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Fried Chicken on Fresh Corn, English Peas, and Kale; Plum Ice Cream

July 25, 2010

 

 

Fried Chicken Nuggets on Kale and Fresh Corn

Fresh Plum Ice Cream

Yesterday we had some new friends over for dinner, and I planned the menu while starving after my morning yoga class. I resurrected the tomato soup (tomato soup recipe) I always make (but haven’t for about a year), took a hint from a restaurant we went to recently and constructed a fried-chicken breast nuggets dish on fresh corn, English peas, and kale. I already had the peas and corn from my farm shipment and wanted to make sure they didn’t go to waste.

Fried Chicken Breast Nuggets on Kale, Fresh Corn, and Fresh English Peas

3 boneless/skinless chicken breasts
1 1/2 bunches kale
4 ears corn
1/2 lb fresh English peas in pods
Sunflower, avocado, or peanut oil enough to fry in a large, high sided skillet, about 2 cups or more
2 T butter

For Chicken Coating:
1 C flour, set aside

For Chicken Batter:
1 tsp paprika
1 tsp baking soda
1 tsp baking powder
2 egg whites (can use whole eggs if you prefer)
1/2 cup milk

Frying the chicken:
Cut the breasts into a few different sized chunks in order for the chicken to cook evenly by being fried. None are larger than 1.5 inches thick, 2 inches long, 2 inches wide.

Heat oil at least 1 inch deep in a large high sided skillet; do not fill the skillet more than half way. It should be about 375 degrees; if you don’t have a thermometer (I don’t), test it with a bit of batter.

Generously salt & pepper two sides of the chicken pieces, and coat in flour. Dip into the egg mixture/batter, then back in the flour, placing within a few minutes into the hot oil.

I fried the chicken in 3 batches in a 10 inch skillet to not over crowd.

Chicken will become golden and firm when poked, flip it only once and remove and place on a rack or paper towels to drain. If desired, sprinkle with sea/kosher salt at this point.

The vegetables:
Ahead of time, wash and cut your kale–remove the thick stem, cut into 1 inch pieces. Boil some water, add salt when boiling and blanch the kale for a few minutes until deep green and tender. Drain and set aside.

Wash the corn and cut it off the cob, remove the peas from their shells.

While the oil for the chicken is heating, heat the butter in a skillet. When hot, add the corn and some salt, and continue stirring or flipping until 1/3 is golden/gaining color. Add the fresh peas and cook a few more minutes as the chicken finishes its last batch of frying.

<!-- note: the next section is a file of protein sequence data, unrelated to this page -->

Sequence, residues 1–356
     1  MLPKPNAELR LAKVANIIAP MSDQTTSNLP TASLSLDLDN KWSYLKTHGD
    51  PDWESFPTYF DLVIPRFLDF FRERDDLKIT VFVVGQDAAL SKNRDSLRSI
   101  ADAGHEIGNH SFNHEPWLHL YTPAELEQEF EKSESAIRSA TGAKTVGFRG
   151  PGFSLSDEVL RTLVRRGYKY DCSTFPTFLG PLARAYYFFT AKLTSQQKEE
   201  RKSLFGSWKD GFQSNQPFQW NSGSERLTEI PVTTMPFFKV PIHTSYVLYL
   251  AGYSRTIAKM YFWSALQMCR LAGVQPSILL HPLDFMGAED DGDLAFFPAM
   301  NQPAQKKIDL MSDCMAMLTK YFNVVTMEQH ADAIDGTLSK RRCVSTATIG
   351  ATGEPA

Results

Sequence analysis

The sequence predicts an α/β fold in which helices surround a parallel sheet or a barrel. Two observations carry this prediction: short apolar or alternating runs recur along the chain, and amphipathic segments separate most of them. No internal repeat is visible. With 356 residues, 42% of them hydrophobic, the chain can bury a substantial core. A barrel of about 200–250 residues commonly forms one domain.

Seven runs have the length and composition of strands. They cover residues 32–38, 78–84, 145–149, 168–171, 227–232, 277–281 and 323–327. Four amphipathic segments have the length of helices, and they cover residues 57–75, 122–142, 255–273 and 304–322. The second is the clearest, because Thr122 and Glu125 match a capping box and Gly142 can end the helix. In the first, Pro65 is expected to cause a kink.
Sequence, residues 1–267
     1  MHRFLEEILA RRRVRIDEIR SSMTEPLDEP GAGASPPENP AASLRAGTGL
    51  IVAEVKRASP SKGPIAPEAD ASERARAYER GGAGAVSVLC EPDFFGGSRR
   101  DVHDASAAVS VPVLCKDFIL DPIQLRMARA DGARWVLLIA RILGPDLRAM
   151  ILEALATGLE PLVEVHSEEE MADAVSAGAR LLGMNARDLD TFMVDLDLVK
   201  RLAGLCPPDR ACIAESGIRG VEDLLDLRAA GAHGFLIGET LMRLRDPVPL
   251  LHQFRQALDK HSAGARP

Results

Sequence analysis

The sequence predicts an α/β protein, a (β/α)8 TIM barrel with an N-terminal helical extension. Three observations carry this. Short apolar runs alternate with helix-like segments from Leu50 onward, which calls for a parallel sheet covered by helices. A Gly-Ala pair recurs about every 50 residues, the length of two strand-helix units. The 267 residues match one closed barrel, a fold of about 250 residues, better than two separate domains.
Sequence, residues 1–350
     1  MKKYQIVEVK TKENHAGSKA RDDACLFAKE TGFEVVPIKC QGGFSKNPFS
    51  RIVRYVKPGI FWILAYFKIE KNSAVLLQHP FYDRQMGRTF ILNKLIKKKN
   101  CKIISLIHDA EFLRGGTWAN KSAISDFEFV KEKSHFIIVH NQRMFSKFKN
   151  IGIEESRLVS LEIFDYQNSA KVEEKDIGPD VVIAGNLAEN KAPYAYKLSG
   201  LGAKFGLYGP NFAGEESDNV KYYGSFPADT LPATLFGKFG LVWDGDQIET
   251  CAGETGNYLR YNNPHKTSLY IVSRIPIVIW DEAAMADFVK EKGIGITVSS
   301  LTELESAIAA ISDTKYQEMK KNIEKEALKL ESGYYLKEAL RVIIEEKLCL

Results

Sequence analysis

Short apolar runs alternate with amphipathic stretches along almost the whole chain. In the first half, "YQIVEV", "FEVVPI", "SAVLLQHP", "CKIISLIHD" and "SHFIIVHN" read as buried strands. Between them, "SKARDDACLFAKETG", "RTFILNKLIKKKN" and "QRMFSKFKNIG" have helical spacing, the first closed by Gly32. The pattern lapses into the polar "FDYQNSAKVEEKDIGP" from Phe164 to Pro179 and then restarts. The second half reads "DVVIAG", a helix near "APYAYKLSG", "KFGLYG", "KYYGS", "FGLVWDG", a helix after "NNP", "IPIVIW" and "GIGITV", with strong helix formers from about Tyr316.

Assemble by placing the hot corn mixture on the plate or bowl, adding the kale and topping with the fried chicken.

Plum Ice Cream:

A friend and coworker gave me some delicious, overly ripe plums last Wednesday, so I made plum preserves of the immediately with very little sugar so they retained their color and tartness; I left them in as large of chunks as was possible and canned up two small jars. They came into play when I decided to make a delicious, custard-y vanilla ice cream and swirl them in.

Adapted from David Lebovitz

3/4 Cup milk
1/2 Cup granulated sugar
2 T brown sugar
pinch salt
3 egg yolks
1 1/2 cups heavy cream
1/2 plump, full size vanilla bean
1/3 cup plum preserves

Heat the milk, salt, and sugars in a saucepan over low heat until sugars combine and milk is beginning to look granulated/clear. While milk is warming, scrape the vanilla bean seeds out of the pod and add it to the milk, and add the pod itself too.

Whisk lightly the egg yolks in a bowl and gradually add warm milk to temper/warm the egg yolks. Once warmed, pour the egg yolks into the sauce pan with the milk and stir well as you do so to prevent coddling.

Cook over low heat, stirring constantly and scraping the bottom with a spatula until custard is thick enough to coat the spatula. Strain the mixture into the cold heavy cream, wrinsing the vanilla bean pod and adding it back in again. Chill thoroughly and then follow your ice cream maker’s instructions, adding the preserves when the ice cream is fairly thickened, almost done.

Fresh Plum Preserves

Plum preserves recipe: Wash, then cut plums into halves or quarters if they are still very firm, place in a pot, cover with about 1/8th to 1/6th the volume in sugar, the juice of a lemon or lime or more for a great quantity, and bring to a boil; immediately reduce to a simmer for just a couple of minutes, turn off, and can.

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2 Comments

  • Reply Jacqui July 25, 2010 at 12:58 pm

    I love it! I might have to try this tonight. We’ll see if my ice cream maker works.

  • Reply Kristin July 27, 2010 at 5:51 pm

    MMMMmmmm! Looks delish! Come be my personal chef (for free)!

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